These are the tools I use on a daily basis. I’ve left out all the specialist tools I use for highly specific tasks, as those aren’t things I do every single day, but I’ll use all of these for at least half and hour every day.
My core mobile rig is a Samsung Galaxy S4 mobile and Dell Latitude E5530 laptop with Intel Core i7 and SSD.
Consultants are mobile a lot, so I need a mobile phone. Prior to this one, I had an iPhone 3GS, and before that I had a Nokia N95. Clearly I’m not committed to any one brand of phone. I use what works best for me.
The laptop is my 3rd Dell in 14 years. I strayed to an Asus for the one before this (before it was nicked in a house burglary) but that was a mistake almost from the outset, and I never really warmed to that laptop, so I came back to Dell. I’ve been really happy with this laptop thus far.
I’ll be covering the way I work when mobile in a separate post, so let’s move on for now.
My desktop rig is a mongrel desktop with Intel Core i7, 16GB RAM, 3 x 1TB SATA disks internal + 2xTB removable, and 2 Samsung 24” screens. This is my workhorse. It’s pieced together from different bits because I tend to upgrade pieces at a time.
Plenty of screen real-estate is fabulous, because I’m always using multiple windows (on multiple virtual desktops) to organise my work. The i7 and 16 GB RAM is great for multi-tasking. I can run full-on test workloads, do video or audio rendering, have multiple VMs running, and still be writing or coding in the foreground without slowdowns.
There’s no SSD in this setup for two reasons: one is storage size, because I have a lot of large media files and need bulk space more than raw speed, and the second is my backup regime (which I’ll cover in more detail separately) which I keep simple for ease of management and reliability.
I use 6 virtual desktops which span both screens: 1 is for email and related tasks, 2 is for code, 3 is for writing, 4 is for web, 5 is for social media, and 6 is for miscellaneous. Having dedicated work areas for different types of working means I can concentrate on one thing at a time and not get distracted by Twitter if I’m in the middle of writing or coding. I’ll sometimes move an app from one desktop to another if it’s relevant to the task at hand.
I use Thunderbird for email, and the Lightning plugin for calendar. I link Lightning to various Google calendars to have them sync everywhere while I’m mobile because I’ve not spent the time to set up my own calendar servers as yet. I don’t put anything super-private in Google sync’d calendars. Thunderbird integrates nicely with GPG and its filters and search capabilities are excellent.
For coding, I use xterms with the Source Code Pro free font, and emacs. I used to be a vim man, but swapped to emacs many years ago and have grown to like it. I still use vi/vim on servers without emacs installed, though sometimes the switch interrupts my finger-memory and I mis-key myself into ed mode.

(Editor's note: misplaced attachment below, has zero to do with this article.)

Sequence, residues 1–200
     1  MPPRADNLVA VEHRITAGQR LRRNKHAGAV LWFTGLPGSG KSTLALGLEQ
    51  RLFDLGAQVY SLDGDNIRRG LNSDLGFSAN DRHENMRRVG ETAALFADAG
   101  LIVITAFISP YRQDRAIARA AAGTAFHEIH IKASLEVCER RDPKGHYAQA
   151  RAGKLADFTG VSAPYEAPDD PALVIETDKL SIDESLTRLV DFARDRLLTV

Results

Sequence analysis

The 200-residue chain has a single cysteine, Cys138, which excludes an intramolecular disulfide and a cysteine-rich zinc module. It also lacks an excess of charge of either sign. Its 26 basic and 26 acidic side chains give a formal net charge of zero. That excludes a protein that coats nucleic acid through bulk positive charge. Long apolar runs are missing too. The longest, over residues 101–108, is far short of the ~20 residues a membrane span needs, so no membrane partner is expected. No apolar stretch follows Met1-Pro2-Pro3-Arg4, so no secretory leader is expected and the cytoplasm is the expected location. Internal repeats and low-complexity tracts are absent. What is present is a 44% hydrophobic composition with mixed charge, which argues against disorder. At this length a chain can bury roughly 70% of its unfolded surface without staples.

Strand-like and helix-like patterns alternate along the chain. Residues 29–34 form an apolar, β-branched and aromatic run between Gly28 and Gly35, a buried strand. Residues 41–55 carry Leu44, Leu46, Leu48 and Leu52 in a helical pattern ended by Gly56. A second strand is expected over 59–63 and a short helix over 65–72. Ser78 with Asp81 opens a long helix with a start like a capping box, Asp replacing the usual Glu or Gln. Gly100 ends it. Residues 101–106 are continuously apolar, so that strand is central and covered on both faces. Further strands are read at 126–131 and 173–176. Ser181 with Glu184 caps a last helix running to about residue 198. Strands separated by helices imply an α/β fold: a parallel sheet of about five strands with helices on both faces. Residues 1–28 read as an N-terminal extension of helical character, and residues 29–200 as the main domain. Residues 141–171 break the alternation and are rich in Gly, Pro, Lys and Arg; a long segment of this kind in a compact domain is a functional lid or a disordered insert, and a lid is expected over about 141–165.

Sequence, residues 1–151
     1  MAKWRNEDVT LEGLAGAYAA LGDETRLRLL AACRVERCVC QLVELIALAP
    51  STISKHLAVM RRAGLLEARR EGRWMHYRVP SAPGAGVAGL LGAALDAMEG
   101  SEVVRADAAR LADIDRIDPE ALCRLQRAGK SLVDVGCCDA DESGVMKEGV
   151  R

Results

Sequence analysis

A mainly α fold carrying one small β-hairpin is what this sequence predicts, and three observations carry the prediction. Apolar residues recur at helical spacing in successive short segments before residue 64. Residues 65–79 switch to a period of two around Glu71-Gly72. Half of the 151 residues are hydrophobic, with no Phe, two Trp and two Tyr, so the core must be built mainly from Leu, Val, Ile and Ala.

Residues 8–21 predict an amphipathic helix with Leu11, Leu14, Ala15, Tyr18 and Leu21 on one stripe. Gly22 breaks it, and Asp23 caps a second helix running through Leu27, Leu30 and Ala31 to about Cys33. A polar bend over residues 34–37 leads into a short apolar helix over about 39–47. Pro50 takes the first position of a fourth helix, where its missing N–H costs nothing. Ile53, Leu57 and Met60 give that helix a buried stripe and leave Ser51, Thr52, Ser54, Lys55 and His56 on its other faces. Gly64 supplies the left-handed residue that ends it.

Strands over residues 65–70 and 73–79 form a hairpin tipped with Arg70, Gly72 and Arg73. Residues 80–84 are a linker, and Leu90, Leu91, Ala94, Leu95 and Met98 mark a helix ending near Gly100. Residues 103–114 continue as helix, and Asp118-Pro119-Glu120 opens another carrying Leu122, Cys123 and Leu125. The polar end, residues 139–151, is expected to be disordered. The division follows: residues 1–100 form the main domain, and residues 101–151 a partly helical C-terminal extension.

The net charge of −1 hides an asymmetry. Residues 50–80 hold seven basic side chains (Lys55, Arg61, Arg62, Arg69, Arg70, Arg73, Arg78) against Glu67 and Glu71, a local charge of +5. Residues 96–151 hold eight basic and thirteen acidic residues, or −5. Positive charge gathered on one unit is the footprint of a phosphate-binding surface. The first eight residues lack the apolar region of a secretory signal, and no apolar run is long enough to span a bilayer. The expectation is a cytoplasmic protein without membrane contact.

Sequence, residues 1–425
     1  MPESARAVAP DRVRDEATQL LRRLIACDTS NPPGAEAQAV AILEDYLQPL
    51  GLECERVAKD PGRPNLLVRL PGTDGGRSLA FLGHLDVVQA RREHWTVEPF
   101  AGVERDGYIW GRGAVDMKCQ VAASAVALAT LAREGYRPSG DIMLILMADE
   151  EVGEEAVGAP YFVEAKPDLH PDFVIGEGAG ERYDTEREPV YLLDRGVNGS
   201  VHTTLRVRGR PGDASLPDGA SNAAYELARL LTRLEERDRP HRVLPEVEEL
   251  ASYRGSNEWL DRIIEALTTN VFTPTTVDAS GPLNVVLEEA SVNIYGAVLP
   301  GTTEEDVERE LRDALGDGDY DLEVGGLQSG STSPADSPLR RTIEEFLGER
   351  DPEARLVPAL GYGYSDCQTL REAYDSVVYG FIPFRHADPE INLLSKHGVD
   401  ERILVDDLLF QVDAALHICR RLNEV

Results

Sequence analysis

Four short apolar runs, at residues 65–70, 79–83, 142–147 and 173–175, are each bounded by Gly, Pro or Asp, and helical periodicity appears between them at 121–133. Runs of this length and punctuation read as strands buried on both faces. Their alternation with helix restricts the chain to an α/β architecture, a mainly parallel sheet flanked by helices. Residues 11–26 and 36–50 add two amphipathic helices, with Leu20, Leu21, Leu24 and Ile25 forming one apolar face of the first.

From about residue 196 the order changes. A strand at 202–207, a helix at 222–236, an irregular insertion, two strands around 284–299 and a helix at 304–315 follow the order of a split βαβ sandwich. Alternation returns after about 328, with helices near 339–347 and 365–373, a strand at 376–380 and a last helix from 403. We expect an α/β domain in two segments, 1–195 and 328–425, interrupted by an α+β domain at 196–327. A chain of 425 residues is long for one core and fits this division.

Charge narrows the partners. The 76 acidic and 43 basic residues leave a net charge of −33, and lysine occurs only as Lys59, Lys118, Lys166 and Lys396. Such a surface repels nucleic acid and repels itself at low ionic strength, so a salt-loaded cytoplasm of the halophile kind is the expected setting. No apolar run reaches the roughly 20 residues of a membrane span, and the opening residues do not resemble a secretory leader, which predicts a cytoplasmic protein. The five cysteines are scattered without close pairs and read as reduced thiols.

I use LibreOffice for word processing and spreadsheets (unless I have to use Word or Excel, which I do in a Windows 7 VM under virtualbox), but I’ve recently been using Scrivener for drafts, research, and general note-taking. It’s only a beta for Linux and is missing some features (I don’t have spellcheck working yet) but it’s working very well for me so far.
I use Firefox for browing the web, and use Zotero for citation management. When I find something interesting that I think I might like to refer to later, I save it to Zotero, which integrates with LibreOffice for automatic references formatting. If it’s something I want to share with a wider audience, I use a Buffer plugin to send it out to Twitter, LinkedIn, and/or Facebook. Thanks to Stephen Foskett for introducing me to Buffer. Other plugins I use include HTTPS-Everywhere, Adblock Plus, FlashBlock, pwgen password generator, and CookieExFilter.
I use TweetDeck inside Chromium (Chrome for Debian/Ubuntu basically) for Twitter access, and it works nicely. I also use the Kindle Cloud Reader app for Chrome for my Kindle books. I wish I had a nice way to integrate references in Kindle books with Zotero. Apparently there are methods, but they’re a bit klunky, so I add references manually for now. I don’t need it often enough for it to be a big issue.
I’ve gone back to using Liferea for RSS feed reading since Google Reader was killed, and I don’t honestly miss Reader all that much. It was a little nicer, but not so much that I really recall why I switched in the first place; probably because I didn’t have to remember to sync the cache of read items between systems.
I also use a couple of notepads, blank sheets of A4 paper, and pens and pencils. I’ll cover these in more detail in a non-tech tools post, but they’re every bit as important as any of the software and tech tools listed here, and sometimes more so.
That’s the quick tour of my daily tools of trade. What are yours?